Medical World Debates Risk of Being Pudgy
By DANIEL Q. HANEY
The Associated Press
Monday, June 28, 2004; 9:56 AM
There is little doubt among mainstream health professionals that being truly obese is a health hazard. But what about the borderline plump? The mildly pudgy? All those people with BMIs between 25 and 29, who according to the charts are overweight?
Government health agencies often lump all degrees of overweight together, noting for instance that over 60 percent of Americans are too heavy. But more than half of these people - roughly one-third of all Americans and 800 million people worldwide - are overweight but not obese.
Riding to the mall one Saturday, Joanne Ikeda's younger sister turned to her and asked, out of nowhere, "Do you know that I am now overweight?"
From heart-sinking personal experience, millions upon millions of people can imagine exactly what led up to that admission. She had stepped on the scales and noticed a number a little north of usual. So she looked it up on a body mass index chart. And - No! - she was officially too heavy.
Not obese, not even close. But her BMI was 26, a full, leaden point above the carved-in-stone cutoff for being overweight.
Many who are overweight but not obese are like Ikeda's sister, Irene Pakel: 55 years old, 5-foot-3, weight in the mid-140s, maybe 10 pounds or so into the overweight category. Does she have a weight problem, one that might even shorten her life?
To many in the field, the answer is clear.
"Over 99 percent of experts throughout the world are convinced by overwhelming data that being overweight is a huge problem indeed for the majority of the world," says Dr. Philip James, chairman of the International Obesity Task Force in London.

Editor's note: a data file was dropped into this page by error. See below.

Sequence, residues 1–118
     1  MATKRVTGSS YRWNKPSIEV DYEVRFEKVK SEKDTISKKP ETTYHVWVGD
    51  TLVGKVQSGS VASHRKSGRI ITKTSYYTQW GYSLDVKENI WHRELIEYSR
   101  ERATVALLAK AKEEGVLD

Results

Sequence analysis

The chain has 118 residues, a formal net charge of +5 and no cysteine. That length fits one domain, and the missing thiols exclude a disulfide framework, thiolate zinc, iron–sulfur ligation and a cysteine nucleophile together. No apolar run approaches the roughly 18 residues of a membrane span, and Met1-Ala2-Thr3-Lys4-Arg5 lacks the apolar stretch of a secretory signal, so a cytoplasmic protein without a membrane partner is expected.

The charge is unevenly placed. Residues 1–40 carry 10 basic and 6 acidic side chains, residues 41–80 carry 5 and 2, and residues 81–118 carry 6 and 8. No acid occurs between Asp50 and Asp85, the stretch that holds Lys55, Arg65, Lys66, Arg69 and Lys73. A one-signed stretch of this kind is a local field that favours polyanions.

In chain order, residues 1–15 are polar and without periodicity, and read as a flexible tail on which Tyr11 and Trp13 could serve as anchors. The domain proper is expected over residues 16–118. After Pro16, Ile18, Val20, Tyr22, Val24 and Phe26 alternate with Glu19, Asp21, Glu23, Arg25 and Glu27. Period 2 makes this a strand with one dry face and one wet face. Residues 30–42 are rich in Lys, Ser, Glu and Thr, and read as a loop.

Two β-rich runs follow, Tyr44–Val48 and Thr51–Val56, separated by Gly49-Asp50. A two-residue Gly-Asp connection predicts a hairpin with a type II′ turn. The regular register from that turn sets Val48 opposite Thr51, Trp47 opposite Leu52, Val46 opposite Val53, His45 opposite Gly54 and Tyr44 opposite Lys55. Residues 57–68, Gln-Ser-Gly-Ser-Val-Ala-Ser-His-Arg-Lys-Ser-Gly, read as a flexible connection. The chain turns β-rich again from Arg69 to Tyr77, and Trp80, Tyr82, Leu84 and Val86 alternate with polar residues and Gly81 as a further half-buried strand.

But as co-director of the Center for Weight and Health at the University of California at Berkeley, Ikeda has a professional, though somewhat contrarian, opinion: Not likely.
"She's very physically fit," says Ikeda. "She goes to Curves everyday after work. To look at her, you would say, 'Here is someone who is not even slightly chubby.'"
Ikeda has a weight problem of her own. Her BMI is 33, which makes her officially obese. Does that bother her? "Not really," she said. "What matters is my metabolic fitness."
Some in the world of diet and health - and as James says, they are a minority - feel too much is made of the lower end of the BMI scale, that perhaps even the entire category called overweight causes much anxiety for nothing.
"This is so ludicrous," says Ikeda. "Why are we doing this to ourselves? I think it has a lot to do with the dieting and pharmaceutical industry and the pressure to medicate every condition."
"A completely phony category" is what University of Colorado attorney Paul Campos calls overweight. He is author of "The Obesity Myth" and argues that the real health problem is too little exercise, not too much weight.
© 2004 The Associated Press